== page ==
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Sultan’s amnesty therapy: Playing hand of Esau,voice of Jacob (2)

IN other words, Nigerians will like to know on what basis the amnesty would be granted? Will it be on the basis of the Federal Government acceptance of the demand of the Boko Haram for the establishment of an Islamic State bound by sharia laws  in the same manner the demands of the Niger Delta militants were accepted; or will it be on the basis of an outright denunciation of  the global jihad project which is sanctioned by the Holy Quran and enlivened by the February 23, 1998 Fatwah of Osama bin Ladin, which called for an unstoppable jihad against Jews and crusaders?

The importance of these questions to His Eminence, the Sultan of Sokoto, is that beyond the global jihad project, Nigerians are not unaware of the internal historic position of the Caliphate to the status of the present Nigerian federation vis-à-vis who governs.

The one fact which cannot be denied, even though most Nigerians have become addicted to being economical   with the truth, is that by the  Fulani  jihad    thesis of  Uthman bin Fudi, for Nigeria to have an all-time peace and security, it must wear the political and religious cloaks of the Sokoto Caliphate. And if this imputation be a lie the Caliphate is hereby challenged to controvert the following statements of fact.

First, is it not true that in 1942, the Council of Northern Emirs addressed the then West  African Students’ Union (WASU), in answer to the latter’s request for their support to independence struggles, stating that: “Holding this country together is not possible except by means of the prophet. If they want political unity, let then follow our religion”.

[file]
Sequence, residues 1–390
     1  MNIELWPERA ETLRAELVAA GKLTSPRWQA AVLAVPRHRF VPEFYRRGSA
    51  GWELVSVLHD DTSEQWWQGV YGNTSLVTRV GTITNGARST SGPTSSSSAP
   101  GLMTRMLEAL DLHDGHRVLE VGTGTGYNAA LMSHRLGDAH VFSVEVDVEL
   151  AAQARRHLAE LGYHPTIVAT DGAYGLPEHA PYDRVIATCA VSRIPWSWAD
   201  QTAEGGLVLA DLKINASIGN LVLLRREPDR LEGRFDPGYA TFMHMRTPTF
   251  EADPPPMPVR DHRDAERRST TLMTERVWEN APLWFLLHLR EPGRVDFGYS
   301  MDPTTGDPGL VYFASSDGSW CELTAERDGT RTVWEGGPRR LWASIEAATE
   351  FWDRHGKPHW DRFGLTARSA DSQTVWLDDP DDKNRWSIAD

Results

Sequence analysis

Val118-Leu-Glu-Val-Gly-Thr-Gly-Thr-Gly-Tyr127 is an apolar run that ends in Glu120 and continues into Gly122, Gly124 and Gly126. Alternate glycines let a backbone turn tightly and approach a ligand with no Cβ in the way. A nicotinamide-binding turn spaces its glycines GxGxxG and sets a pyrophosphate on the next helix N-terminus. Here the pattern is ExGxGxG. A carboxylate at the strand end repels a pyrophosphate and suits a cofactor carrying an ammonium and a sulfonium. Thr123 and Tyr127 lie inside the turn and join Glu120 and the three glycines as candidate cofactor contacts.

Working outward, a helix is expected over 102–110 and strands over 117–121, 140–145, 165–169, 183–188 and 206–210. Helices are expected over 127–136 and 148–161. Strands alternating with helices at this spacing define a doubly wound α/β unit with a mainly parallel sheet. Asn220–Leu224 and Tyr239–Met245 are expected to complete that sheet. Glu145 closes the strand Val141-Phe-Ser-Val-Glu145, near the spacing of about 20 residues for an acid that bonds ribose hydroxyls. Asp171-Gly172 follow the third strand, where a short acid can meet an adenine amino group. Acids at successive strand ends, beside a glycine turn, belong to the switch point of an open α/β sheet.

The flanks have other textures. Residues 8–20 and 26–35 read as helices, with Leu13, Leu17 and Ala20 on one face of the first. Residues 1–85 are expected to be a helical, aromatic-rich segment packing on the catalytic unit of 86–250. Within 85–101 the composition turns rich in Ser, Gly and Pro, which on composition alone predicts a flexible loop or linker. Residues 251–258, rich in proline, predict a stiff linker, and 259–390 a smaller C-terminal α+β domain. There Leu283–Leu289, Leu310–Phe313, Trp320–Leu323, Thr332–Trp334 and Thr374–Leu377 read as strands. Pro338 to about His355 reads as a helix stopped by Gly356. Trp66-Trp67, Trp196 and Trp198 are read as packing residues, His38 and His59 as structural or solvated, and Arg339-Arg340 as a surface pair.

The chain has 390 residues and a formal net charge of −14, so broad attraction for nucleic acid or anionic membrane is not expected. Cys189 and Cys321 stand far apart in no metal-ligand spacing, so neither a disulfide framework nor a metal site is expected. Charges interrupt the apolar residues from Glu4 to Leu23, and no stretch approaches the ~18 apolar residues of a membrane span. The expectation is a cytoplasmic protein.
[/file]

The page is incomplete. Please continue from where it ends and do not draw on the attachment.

This same position was reiterated in 1944, when the Sultan himself told the WASU delegation that the only basis for a united Nigeria was for all the constituent ethnic groups of the nation to embrace Islam.

That  was not all. In 1948 the eloquent and golden-voiced Parliamentary Leader of the Northern Peoples’ Congress (NPC) and later Prime Minister of a united Nigeria, Alhaji Abubakar Tafawa Balewa stated during a Legislative Council session that, “Since 1914 the British Government has been trying to make Nigeria into one country, but the Nigerian people themselves are historically different in their background, in their religious beliefs and customs and do not show themselves any sign of willingness to unite. Nigerian unity is only a British intention for the country”.